Horn craft of Orissa has been around since the time of Sri Krushna Chandra Gajapati Narayan Deb, which was in 1892. He was the Maharaja of Paralakhemundi. Even prior to his reign horn crafts were practiced, but during his reign a lot of carpenters by birth took up horn crafts. It is said that during a fireworks display a hollowed horn was used as a container, where the Maharaja observed a very unique characteristic of horn, he noticed its plasticity. Upon observing this he then asked for a detailed crane of which he had seen a wooden sculpture to be sculpted using horn. He was so pleased with the artifact and also realized the potential of the craft that he set up a workshop and assigned his carpenters to carve using horn. He decided and made a dedicated team of horn craftsmen who would concentrate on the craftsmanship of the product as well as the accurate anatomy of the bird or animal that was to be carved from the horn.
Many different types of products are being created in the present day, which includes pen stands, house décor, Idols of god, lampshades, combs etc. In some cases, places like Cuttack silver filigree are used along with horn crafting to create ornaments. Initially when horn crafts started booming in the late 1800’s combs were the major products that were created. These products were not looked at from an artistic point of view and were used as normal products. It was observed that the horns of animals had a very unique property of having a lot of plasticities, which made them very desirable.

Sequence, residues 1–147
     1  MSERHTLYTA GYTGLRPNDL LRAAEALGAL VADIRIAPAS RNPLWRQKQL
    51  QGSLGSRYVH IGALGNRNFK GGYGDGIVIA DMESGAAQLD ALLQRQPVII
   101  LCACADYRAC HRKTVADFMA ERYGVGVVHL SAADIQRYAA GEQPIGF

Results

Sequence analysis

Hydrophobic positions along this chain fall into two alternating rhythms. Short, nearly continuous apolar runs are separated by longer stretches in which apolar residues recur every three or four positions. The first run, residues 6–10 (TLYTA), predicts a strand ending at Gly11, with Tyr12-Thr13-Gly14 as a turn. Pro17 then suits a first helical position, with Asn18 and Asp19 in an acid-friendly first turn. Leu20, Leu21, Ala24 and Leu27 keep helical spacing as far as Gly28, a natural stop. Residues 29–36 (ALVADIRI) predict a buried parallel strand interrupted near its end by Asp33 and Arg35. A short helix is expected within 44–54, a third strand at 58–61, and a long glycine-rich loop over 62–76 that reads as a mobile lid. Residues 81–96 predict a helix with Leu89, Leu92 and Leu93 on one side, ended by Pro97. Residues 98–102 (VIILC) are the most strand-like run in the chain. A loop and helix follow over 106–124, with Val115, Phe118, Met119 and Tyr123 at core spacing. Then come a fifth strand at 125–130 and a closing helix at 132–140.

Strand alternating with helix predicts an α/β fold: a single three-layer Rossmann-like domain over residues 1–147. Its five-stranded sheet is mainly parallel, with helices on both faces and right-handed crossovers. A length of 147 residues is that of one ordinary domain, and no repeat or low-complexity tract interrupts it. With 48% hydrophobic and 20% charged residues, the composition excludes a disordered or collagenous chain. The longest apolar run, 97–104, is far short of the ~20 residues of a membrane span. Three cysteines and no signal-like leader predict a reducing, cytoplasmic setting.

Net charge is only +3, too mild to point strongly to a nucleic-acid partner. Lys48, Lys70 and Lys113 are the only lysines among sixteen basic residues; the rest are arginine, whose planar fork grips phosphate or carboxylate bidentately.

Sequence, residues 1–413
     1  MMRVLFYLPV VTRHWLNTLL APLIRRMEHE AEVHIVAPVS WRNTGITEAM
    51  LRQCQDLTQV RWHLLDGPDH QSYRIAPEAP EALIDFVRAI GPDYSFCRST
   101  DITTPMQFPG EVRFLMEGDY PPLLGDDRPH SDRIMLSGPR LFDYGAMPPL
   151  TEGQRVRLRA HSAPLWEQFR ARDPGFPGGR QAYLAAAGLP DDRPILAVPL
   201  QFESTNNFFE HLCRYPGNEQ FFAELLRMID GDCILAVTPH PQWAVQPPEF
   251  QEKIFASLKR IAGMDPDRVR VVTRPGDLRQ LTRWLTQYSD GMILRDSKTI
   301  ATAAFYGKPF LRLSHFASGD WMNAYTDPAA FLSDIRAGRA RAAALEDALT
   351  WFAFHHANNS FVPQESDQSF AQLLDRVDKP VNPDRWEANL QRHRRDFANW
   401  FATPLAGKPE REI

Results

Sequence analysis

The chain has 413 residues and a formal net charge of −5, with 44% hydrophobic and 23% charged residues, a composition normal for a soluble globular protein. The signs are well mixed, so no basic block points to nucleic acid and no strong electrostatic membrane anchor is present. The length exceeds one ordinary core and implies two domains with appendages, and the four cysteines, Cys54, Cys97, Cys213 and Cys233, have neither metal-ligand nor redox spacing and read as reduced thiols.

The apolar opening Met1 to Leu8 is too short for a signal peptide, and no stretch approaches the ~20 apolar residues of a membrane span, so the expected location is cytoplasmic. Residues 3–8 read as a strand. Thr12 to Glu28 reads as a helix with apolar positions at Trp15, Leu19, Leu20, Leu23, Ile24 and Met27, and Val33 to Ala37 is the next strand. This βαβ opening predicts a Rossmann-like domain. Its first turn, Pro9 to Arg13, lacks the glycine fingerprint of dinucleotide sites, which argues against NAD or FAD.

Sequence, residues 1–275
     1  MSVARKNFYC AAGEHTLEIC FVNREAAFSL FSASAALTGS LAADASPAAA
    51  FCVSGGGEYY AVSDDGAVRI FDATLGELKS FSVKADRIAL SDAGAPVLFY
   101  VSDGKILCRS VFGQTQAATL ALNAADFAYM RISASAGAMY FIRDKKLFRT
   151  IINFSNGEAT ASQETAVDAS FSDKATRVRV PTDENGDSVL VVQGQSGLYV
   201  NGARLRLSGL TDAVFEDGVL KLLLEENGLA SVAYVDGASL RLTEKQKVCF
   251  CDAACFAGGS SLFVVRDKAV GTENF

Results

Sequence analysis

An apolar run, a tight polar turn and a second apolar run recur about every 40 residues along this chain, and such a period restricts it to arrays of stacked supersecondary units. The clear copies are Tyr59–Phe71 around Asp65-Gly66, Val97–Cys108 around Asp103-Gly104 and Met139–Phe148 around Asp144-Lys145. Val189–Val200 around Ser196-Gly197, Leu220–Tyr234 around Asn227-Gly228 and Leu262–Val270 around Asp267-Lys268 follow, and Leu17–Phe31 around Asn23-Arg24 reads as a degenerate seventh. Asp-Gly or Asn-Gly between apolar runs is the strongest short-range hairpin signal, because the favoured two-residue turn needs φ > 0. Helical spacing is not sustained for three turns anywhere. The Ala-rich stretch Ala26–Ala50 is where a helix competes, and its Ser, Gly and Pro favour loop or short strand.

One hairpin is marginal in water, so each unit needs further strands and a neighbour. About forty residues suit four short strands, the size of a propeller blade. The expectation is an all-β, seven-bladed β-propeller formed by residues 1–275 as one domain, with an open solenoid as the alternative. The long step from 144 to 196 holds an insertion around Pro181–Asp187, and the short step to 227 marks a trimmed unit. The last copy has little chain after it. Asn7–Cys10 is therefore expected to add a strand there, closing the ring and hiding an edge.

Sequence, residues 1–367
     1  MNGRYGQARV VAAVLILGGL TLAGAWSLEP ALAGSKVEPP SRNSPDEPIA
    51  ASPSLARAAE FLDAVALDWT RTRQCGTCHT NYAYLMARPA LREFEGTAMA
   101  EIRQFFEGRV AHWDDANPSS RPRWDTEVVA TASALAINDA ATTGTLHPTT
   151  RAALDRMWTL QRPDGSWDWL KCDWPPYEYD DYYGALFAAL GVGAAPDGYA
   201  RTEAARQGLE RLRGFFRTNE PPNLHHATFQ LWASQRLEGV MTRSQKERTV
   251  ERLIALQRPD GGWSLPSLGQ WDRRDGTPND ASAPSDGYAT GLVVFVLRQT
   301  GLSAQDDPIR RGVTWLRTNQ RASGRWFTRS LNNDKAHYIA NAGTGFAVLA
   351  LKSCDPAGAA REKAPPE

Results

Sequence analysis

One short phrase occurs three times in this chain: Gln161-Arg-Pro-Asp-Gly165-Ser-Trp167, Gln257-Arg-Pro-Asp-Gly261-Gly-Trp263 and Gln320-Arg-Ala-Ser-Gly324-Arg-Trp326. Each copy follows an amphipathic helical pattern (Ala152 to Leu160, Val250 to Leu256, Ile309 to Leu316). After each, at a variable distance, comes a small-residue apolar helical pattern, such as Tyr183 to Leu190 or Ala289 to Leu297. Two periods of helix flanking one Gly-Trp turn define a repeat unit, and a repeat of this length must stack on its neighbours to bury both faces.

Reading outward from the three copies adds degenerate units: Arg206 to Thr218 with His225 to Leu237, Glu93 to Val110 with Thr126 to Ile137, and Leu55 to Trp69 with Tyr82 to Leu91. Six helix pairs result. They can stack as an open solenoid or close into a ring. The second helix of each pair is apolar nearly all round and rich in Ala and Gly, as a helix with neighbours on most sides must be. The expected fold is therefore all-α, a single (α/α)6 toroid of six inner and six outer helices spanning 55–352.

In today’s world, horn crafts are looked at mainly from an artistic standpoint. Even in the present day horns are being used to create combs along with many other products which include artefacts like decorative pieces, lampshades etc. but they are not in as high a demand as they once were. A lot of cheaper plastic variants are being sold in the market.
As we heard from the artisan that due to the reduction in the demand for the product the total number of artisans has also drastically reduced. In the district of Cuttack from around 150 to 200 artisans the number has come down to 2-3 artisans in the last 20 years.
Over the years although the products that are being created might have changed, the procedure in which these artifacts are being created has not. Tribes of Santhals, Oraons & Marijas mainly practice this art form.
Utkalika - Orissa State Emporium is an organization which is promoting arts and crafts, helping artisans by buying the products from the local artisans in bulk and selling them in shops and malls. Most of these artisans today are selling and advertising their products in arts and crafts exhibitions.
Not everyone can simply take up horn carving, without the proper kind of licensing owning horns is a punishable offence. One of the major problems these artisans are facing is the availability of horns. In many cases, artisans have been arrested for the possession of these horns although they have the required documentation for owning these horns. In some cases, they even end up spending a night or two in prison until all the documents are submitted. As the raw material gets harder and harder to obtain the art form also slowly keeps on depleting.